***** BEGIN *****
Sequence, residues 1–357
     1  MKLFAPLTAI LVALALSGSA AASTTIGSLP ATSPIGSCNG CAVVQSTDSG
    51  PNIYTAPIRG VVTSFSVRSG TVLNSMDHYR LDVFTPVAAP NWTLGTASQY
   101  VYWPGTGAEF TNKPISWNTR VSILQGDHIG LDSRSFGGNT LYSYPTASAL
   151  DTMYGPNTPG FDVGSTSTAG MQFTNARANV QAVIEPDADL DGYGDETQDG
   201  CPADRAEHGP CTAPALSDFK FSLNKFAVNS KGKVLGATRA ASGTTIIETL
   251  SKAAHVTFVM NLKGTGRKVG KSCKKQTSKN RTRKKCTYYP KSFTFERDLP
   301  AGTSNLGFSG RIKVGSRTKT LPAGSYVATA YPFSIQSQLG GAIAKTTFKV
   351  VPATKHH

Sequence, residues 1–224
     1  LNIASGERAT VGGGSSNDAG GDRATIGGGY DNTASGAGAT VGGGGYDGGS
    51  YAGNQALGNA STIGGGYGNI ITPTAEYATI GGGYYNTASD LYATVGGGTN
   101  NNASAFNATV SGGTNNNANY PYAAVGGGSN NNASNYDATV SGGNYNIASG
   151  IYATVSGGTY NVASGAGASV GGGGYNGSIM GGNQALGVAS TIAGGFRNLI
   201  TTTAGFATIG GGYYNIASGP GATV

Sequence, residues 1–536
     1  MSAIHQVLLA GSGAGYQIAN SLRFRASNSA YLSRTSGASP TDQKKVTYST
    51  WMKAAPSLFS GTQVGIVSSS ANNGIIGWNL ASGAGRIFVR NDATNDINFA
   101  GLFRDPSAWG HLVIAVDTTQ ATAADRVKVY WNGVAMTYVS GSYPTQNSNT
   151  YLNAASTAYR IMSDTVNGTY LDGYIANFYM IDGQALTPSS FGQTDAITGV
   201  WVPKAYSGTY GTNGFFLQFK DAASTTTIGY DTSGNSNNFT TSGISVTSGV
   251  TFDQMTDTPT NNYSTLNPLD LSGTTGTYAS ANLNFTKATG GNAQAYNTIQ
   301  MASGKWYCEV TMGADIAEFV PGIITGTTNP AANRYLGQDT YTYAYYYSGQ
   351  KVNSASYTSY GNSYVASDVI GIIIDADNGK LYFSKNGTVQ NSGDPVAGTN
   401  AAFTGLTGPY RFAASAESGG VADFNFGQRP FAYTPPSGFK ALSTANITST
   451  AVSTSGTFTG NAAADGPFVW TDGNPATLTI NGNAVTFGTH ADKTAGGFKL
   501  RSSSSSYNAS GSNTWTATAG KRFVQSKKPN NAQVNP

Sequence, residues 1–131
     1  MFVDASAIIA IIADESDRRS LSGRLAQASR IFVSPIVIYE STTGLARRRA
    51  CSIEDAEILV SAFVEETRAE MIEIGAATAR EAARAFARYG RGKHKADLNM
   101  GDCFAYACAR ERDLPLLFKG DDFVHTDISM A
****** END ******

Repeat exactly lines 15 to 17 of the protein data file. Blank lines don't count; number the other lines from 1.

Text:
   201  TTTAGFATIG GGYYNIASGP GATV

Sequence, residues 1–536
     1  MSAIHQVLLA GSGAGYQIAN SLRFRASNSA YLSRTSGASP TDQKKVTYST